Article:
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Religious rights eroded across globe

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Syrian church destroyed
Damage in the town of Qaryatain, Syria after it was recaptured by forces loyal to Syrian President Bashar Assad. The relics of Syrian St Elian, which originally were thought to have been destroyed by members of the so-called Islamic State militia, were found amid the rubble of the desecrated Mar Elian Church in Qaryatain in 2016. PHOTO: CNS/Syria’s national news agency handout via Reuters

More than 61 per cent of the world’s population live in countries where religious freedom is not respected, according to a worldwide report released 22 November.

The biennial Religious Freedom in the World report was published by the international Catholic pastoral charity and pontifical foundation Aid to the Church in Need International. Simultaneous launches took place in many locations, including London, Paris, Santiago, Manila and New York.

Aid to the Church in Need Australian national director Bernard Toutounji said the report was an important document, especially at a time when the topic of religious freedom is being discussed across Australia.

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“The report highlights persecution and discrimination that adherents of all faiths undergo on a daily basis,” he said.

Tibetan woman praying
A member of the Australian Tibetan community places a candle near a banner during a candlelight vigil for the Chinese Nobel Peace Prize-winning dissident Liu Xiaobo July 2017 outside the Chinese consulate in Sydney. Liu, who was recently released from a prison in China’s northeast, died July 13 at age 61. PHOTO: CNS/Steven Saphore, Reuters

“Australians might ask why they should be concerned about the persecution of Christians on the other side of the world.

“To that, I would say that we no longer live with the same national isolation that we once did. The world is a global village in terms of trade, economy, politics and religion.

“Many of us have family and friends across the world and the trends that we note in one place in regards intolerance and persecution of those of faith can be trends that surface on our shores.

“Religious freedoms are equally important for all those of faith and even those of none, because it protects our ability to live according to our conscience in peace with one another.

“From a Christian perspective especially, we should care about the persecution of Christians because these are our brothers and sisters in Christ; and that itself demands our attention in the same way it would if one of our own siblings was suffering,” Mr Toutounji said.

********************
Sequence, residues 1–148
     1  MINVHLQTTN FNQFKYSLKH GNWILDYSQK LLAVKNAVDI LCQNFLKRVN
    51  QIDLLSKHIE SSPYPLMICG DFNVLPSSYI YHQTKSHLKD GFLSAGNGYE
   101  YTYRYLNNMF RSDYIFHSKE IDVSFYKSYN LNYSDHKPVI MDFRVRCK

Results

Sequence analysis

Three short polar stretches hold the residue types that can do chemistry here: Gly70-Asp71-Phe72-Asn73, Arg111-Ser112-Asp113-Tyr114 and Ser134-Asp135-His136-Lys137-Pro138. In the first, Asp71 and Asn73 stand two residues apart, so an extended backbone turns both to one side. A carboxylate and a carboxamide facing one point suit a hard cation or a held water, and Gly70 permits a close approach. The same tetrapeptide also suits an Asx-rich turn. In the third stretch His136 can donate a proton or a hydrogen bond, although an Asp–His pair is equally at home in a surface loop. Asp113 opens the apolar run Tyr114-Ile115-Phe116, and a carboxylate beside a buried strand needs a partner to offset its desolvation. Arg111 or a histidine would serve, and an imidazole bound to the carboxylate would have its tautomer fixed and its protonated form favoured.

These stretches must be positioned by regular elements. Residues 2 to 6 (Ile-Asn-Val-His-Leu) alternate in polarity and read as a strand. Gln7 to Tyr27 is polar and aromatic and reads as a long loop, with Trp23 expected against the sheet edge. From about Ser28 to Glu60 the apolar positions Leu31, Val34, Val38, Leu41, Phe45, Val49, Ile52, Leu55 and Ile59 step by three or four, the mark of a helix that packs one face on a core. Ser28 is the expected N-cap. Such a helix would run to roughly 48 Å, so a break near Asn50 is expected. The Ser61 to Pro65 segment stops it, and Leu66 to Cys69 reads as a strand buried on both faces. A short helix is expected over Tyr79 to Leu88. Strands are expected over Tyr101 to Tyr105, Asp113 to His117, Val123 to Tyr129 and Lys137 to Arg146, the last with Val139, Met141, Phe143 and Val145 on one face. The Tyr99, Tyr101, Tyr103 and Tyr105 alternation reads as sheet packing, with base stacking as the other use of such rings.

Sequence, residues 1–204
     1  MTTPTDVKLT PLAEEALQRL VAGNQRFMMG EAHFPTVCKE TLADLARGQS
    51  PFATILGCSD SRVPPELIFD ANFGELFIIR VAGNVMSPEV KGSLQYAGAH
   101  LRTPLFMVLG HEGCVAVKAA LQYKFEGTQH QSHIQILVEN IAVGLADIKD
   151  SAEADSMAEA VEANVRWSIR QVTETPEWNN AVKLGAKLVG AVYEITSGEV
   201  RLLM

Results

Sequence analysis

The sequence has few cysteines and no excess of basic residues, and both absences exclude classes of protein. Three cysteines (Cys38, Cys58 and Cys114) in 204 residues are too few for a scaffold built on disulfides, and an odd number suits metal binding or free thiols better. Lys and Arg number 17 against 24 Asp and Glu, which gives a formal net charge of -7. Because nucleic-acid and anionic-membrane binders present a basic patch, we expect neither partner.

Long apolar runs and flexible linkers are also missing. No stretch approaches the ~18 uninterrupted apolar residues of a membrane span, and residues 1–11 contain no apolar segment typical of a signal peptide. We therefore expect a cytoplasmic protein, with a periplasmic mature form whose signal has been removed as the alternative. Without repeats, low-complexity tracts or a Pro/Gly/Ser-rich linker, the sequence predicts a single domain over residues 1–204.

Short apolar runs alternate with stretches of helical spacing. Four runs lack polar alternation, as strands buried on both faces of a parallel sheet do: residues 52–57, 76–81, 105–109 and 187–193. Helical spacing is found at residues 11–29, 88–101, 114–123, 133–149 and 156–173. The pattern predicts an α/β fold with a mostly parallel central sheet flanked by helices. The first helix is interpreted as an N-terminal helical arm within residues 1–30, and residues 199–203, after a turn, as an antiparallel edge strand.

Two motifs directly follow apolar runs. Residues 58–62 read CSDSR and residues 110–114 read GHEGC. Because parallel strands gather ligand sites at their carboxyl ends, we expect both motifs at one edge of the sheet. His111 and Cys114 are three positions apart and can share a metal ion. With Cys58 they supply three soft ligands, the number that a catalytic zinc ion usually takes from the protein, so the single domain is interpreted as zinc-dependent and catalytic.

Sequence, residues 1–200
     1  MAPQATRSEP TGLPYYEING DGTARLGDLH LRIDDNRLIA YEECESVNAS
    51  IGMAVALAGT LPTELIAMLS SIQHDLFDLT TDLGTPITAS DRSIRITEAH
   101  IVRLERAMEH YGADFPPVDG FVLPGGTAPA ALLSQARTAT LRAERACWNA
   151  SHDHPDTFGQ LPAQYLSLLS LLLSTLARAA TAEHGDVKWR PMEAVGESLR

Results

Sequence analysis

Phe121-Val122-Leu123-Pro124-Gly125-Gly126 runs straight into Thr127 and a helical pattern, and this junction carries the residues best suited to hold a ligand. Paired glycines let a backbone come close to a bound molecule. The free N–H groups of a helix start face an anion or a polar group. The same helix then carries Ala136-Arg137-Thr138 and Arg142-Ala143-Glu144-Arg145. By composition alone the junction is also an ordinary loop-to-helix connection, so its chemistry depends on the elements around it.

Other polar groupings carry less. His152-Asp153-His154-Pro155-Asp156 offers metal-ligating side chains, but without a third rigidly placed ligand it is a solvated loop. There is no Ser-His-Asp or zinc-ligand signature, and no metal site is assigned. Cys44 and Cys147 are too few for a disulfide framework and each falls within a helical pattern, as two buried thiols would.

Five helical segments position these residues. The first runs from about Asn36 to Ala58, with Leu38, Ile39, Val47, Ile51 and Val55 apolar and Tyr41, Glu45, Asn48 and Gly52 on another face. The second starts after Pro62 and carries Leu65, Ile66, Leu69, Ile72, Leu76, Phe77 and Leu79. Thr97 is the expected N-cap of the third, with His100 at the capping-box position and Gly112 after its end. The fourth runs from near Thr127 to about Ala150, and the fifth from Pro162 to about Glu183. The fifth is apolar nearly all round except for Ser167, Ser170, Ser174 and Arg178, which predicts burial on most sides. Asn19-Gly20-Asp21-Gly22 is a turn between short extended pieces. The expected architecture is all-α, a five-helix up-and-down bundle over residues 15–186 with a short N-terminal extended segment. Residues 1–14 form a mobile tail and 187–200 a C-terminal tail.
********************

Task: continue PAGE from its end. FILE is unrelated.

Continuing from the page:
The report’s executive summary states that from June 2016 to June 2018, the situation for minority faith groups deteriorated in 18 of the 38 countries assessed and almost half were found to have significant religious freedom violations.

The report also notes an especially serious decline in China and India.

“In many others countries, including North Korea, Saudi Arabia, Yemen and Eritrea, the situation was already so bad it could scarcely get any worse,” the executive summary states.

“In the eyes of the western governments and the media, religious freedom is slipping down the human rights priority rankings, being eclipsed by issues of gender, sexuality and race.

“Worsening intolerance towards religious minorities meant that for the first time, two new countries – Russia and Kyrgyzstan – were placed in the discrimination category.”

Regarding religious freedom in Australia, the report gives specific examples of numerous instances of societal intolerance and anti-religious violence in Australia.

“It appears that there were no significant new or increased governmental restrictions on religious freedom during the period under review,” the report on Australia states.

“However, there seems to be an increased risk of societal intolerance toward religions, fuelled by cultural issues such as marriage, geopolitical conflicts and anti-immigration sentiments in Australia.”

Red Wednesday
Public buildings and landmarks around the world were illuminated in red last November to highlight global religious persecution. The annual event will be held on 28 November in 2018 and St Mary’s Cathedral Sydney and St Patrick’s Cathedral will take part.

To read the full report, go to:

Furthermore, Aid to the Church in Need, supported by the Australian Catholic Bishops Conference, has initiated Red Wednesday – a day to pray and stand in solidarity with all those who are persecuted and suffer unjustly for their peacefully-held religious beliefs.

Red Wednesday will be marked on November 28, when some of the world’s iconic buildings and places of worship will be floodlit in red: the colour of martyrs.

Among the buildings in Australia that will be used to mark Red Wednesday are St Mary’s Cathedral in Sydney and Melbourne’s St Patrick’s Cathedral.

For more information about #RedWednesday events, visit:

Originally published on the
ACBC Media Blog.

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